raccoonIt's something out of a horror movie.

You come home from a fun, barn dance/Halloween party with your young family to find your livestock slaughtered in their pen, blood spattered everywhere, corpses ripped to shreds.  A gory end to a family's pets - and food supply.

This happened to my son's teacher recently, and it got me to thinking about the buildings people use for chicken coops, thinking 'they'll do' against poultry predators.  That wasn't necessarily the case here, but I've seen some pretty rickety set-ups that are just massacres waiting to happen.

With the cost (in time mostly) involved in raising chickens for eggs or meat, you really don't want to lose even one bird.  So how do you keep your chickens safe from predators?

The House

It's a common thought to want to 'repurpose' an existing building for use as a chicken coop.  I mean, why not use that neat old shed?  Seems like a logical thought.  I thought it myself - we've got a perfect one here.  Problem is, an old building will likely be full of holes or weak spots where a poultry predator could dig or chew through, gaining access and obliterating your stock.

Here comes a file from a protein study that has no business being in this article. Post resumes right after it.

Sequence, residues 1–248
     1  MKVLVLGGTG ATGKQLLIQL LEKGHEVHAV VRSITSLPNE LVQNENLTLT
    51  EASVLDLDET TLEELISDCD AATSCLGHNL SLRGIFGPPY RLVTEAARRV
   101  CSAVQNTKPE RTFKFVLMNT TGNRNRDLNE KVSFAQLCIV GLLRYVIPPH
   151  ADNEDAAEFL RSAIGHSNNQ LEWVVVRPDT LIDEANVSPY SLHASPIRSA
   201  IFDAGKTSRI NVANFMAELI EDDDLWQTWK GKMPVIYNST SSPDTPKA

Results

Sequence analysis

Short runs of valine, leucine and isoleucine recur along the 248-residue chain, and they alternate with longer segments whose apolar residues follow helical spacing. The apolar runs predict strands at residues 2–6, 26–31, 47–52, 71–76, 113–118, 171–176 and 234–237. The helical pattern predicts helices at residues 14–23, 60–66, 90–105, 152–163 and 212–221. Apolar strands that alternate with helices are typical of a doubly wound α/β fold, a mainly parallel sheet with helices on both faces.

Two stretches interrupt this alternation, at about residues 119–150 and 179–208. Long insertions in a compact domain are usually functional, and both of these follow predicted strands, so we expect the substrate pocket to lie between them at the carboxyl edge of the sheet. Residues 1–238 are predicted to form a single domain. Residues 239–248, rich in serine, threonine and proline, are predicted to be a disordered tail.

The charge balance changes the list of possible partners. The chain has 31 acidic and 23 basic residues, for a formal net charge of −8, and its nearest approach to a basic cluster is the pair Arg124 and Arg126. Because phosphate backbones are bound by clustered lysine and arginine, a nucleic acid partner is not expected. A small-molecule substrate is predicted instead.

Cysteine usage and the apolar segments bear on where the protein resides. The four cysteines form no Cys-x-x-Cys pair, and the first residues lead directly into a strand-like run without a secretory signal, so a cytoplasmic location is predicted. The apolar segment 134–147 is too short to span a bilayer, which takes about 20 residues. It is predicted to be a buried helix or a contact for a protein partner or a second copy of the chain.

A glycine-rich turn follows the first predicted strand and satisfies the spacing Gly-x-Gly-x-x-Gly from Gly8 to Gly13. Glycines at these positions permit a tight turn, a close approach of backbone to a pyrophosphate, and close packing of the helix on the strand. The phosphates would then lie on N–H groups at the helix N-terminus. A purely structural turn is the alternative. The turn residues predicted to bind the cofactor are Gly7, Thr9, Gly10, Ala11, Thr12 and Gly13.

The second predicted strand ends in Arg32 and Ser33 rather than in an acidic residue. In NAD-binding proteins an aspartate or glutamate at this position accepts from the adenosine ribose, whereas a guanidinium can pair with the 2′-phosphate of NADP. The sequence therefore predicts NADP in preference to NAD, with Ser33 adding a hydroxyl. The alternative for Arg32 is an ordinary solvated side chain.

So what to do?

cheryl
9/25/2015 9:51:53 PM

My cat got ensnared in a let trap in a neighborhood backyard...It is legal in this suburban street, steps away from city limit. How many raccoon.s, possum.s, cat's and precious foxes, etc must be painfully executed to justify fresh eggs and a chicken dinner. We, as a humane society need to do better at educating and promoting these stronger chicken coops. Thank you


Rob
7/11/2013 4:34:55 AM

Call me a cheapskate, but I can't buy into the $3000 hen house.  And, I'll tell you why...

For less than $400 I have a Livestock Guardian Dog that not only protects my poultry, but also my goats, cattle, and horses.  He's a great pal, to boot.  Chases down any critter, including predatory dogs.  (If a friendly dog wanders onto the farm he'll just go say hi - he can tell the difference).

Now, if you're not intersted in a LGD, or not willing to do what it takes to own one, then by all means build Fort Knox, because that's what you probably need!  These dogs are not for everyone.  While they keep your stock safe, they can be a pain in the kiester once in a while.

We have 1/2 Anatolian Shepherd, 1/2 Great Pyrenees at our place.

You can see them at:

LivestockDogs.net


Ally
8/22/2012 2:41:48 AM

300 years!? even if they dont do it thats a lot of travel.





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